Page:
Empty champagne glasses were all that remained of the wedding celebration. The guests had long ago faded into the mist that rose up around the castle walls. Ghosts of drunken best wishes echoed through the great hall, blending with the thunder that rumbled through the mountains outside. A gust of wind spiraled down the chimney, causing even the roaring fire in the mammoth hearth to pause and take heed. Wind and rain battered the tiny bedroom upstairs, howling between the turrets, and hammering at the stone exterior. Lightning sizzled the skies, far overpowering the solitary candle.
"Of all the nights to have a storm," Kirsten muttered grimly, setting aside the beaded gown of ivory silk, and searching for her cloak, "why did it have to be my wedding night?"
Inga, her governess, told her wedding rain promised good luck. But it seemed instead that the skies cried with her, as she made preparations to leave her father’s home forever.
"Kirsten!" Her father’s fist shook the door. "Valdemar is waiting."
"I’m coming," she shouted over the storm. She’d dawdled as long as possible. Checking her reflection in the mirror, she saw only pale hair and gray haunted eyes. She didn’t look like a woman, more like a frightened child.
Her father hustled her down the sweeping staircase. And, with a perfunctory kiss, she was bundled into the waiting carriage.
Traded like a horse, from one man to another.
The carriage leapt into motion, throwing her against the dark figure beside her. With strong arms, he caught her and settled her back against the velvet cushions. A bolt of lightning cast him in silhouette against the brilliant sky.
Swallowing nervously, she studied the stranger beside her. They’d met only once before the wedding. With her father standing guard, he’d presented her with an intricately carved gold cross with a flaming ruby at its center to mark their betrothal. Eyes black as onyx had lingered on her every move, making her feel both desirable and vulnerable. At twenty-nine, he seemed terribly serious, and impossibly ancient.
Rumors clung to the young aristocrat. Servants whispered he was cursed. Local folklore spoke of a string of fiancées who perished under mysterious circumstances. The kitchen staff lay wagers she’d be dead within a week like his last wife.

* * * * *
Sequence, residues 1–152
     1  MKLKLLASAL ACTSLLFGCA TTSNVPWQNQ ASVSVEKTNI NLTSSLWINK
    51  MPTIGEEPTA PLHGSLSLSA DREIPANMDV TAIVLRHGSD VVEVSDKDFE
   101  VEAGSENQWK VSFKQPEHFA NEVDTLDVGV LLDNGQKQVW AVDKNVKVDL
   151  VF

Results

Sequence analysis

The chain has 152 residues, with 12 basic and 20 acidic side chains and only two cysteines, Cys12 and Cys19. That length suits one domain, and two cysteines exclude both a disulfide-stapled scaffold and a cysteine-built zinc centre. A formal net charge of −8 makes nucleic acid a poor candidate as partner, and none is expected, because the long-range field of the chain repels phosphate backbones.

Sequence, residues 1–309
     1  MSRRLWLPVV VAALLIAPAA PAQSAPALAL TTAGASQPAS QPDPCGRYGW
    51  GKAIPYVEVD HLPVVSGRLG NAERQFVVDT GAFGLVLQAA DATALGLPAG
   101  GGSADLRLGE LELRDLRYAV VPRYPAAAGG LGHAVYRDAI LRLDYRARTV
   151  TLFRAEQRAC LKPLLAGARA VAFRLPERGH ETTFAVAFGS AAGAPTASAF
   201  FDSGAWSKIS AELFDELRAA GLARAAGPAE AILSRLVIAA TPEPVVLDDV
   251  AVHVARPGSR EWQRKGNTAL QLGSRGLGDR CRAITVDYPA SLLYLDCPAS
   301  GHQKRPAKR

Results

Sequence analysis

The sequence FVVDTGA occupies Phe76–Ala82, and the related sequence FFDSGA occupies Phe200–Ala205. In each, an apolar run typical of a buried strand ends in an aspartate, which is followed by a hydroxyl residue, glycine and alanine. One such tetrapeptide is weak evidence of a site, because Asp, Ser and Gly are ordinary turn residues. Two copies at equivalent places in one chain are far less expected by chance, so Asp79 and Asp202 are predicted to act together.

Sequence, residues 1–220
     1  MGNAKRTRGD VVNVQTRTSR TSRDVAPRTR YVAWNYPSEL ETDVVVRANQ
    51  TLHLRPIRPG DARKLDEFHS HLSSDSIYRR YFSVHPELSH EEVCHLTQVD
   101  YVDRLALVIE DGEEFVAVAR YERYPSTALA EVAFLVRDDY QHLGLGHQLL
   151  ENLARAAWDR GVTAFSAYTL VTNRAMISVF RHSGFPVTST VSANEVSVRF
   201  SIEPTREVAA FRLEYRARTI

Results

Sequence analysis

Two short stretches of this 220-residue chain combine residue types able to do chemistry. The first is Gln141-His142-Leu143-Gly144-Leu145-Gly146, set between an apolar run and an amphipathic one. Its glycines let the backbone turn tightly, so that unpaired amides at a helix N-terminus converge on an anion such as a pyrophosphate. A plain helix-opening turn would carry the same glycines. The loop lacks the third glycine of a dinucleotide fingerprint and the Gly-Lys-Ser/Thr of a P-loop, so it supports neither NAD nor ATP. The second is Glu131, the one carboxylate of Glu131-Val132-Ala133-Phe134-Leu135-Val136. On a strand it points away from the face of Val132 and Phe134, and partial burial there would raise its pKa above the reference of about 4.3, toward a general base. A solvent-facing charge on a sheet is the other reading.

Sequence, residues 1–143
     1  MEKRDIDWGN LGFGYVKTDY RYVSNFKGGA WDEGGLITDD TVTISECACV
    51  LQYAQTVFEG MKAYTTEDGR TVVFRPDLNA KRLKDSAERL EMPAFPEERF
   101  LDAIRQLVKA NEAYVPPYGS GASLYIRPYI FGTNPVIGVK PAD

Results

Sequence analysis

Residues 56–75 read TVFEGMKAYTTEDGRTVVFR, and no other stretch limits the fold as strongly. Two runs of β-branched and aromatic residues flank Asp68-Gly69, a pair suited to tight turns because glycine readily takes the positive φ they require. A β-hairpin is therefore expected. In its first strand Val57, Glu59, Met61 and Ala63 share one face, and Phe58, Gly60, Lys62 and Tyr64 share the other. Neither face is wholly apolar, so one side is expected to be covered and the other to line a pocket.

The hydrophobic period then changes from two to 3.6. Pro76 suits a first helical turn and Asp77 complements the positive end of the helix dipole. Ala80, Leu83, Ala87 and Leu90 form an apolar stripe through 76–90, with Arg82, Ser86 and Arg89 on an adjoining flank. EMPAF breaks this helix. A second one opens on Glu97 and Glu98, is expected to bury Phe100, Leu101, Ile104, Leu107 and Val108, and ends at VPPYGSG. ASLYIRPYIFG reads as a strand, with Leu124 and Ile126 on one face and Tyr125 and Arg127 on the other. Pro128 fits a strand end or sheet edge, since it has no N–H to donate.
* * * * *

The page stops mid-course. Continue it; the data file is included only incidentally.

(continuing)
Her father dismissed her fears as superstitious nonsense. He was anxious to marry off the last of his seven daughters. With her mother long dead, Kirsten had no choice but to obey his wishes.
Through the carriage’s black curtains she could see only drifting columns of mist. The teaming rain absorbed all sound except for the rattle of the carriage’s wheels. Now and then, shrubby trees thrust their glistening, leafless branches through the fog like questing hands.
A meager few feet beyond the narrow wheels of the carriage, the ground fell sharply away. Mercifully, the view was obscured by mist and rain. Kirsten crossed herself, praying the driver was sure of his grip on the reins.
After what seemed an eternity of bouncing and jostling, they rounded a corner and she gazed at last upon the crumbling battlements of Castle Berthold. Fog clung to the upper storeys like ghosts of past occupants. The stone was gray, rough from the wear of countless years. Yet, the stately oak door was richly lacquered and its brass hinges polished to a dull gleam.
The carriage clattered to a halt before the stone steps. Kirsten swallowed hard and uttered another prayer as Valdemar stepped down and offered her his hand. She was now mistress of that crumbling castle.
It was only six days since her seventeenth birthday.
Valdemar slipped a proprietary arm about her waist to guide her up the slick, stone stairs, past gargoyles whose vacant eyes seemed to follow her every move.
The pressure of Valdemar’s palm against her back urged her forward. As they approached, the door swung open, dwarfing the thin figure whose lantern cast swaying shadows out over the steps. The gaunt, gray-haired man bowed deeply as she passed, then hurried off to oversee the unloading of her luggage.
Above the grand entranceway an iron chandelier blazed with a multitude of candles. The sheer size of the hall made her feel insignificant. Yet, Valdemar strode across the cavernous room with the confidence of a man well accustomed to wealth and vast rooms. He was at home, she realized of a sudden.
And so, God help me, am I.
"Let me show to your rooms," Valdemar said, ushering her forward. "I trust everything will be to your satisfaction."
"I’m certain it will be, My Lord," she whispered, with another glance at the high, vaulted ceiling that disappeared into shadow above the chandelier. His hand touched her shoulder, turning her back to him.
"Now that we are wed, Kirsten, you must call me by my given name."
"As you wish, Valdemar," she said, trying it out. It felt odd to address a virtual stranger with familiarity.
Valdemar smiled, and she caught a glimpse of the handsomeness which attracted so many women. He stroked her cheek lightly. "My name has never sounded so sweet as it does upon your lips."
His compliment embarrassed her, and she looked away. This was the first of many rites of courtship to come.
Merciful God, guide me through this night.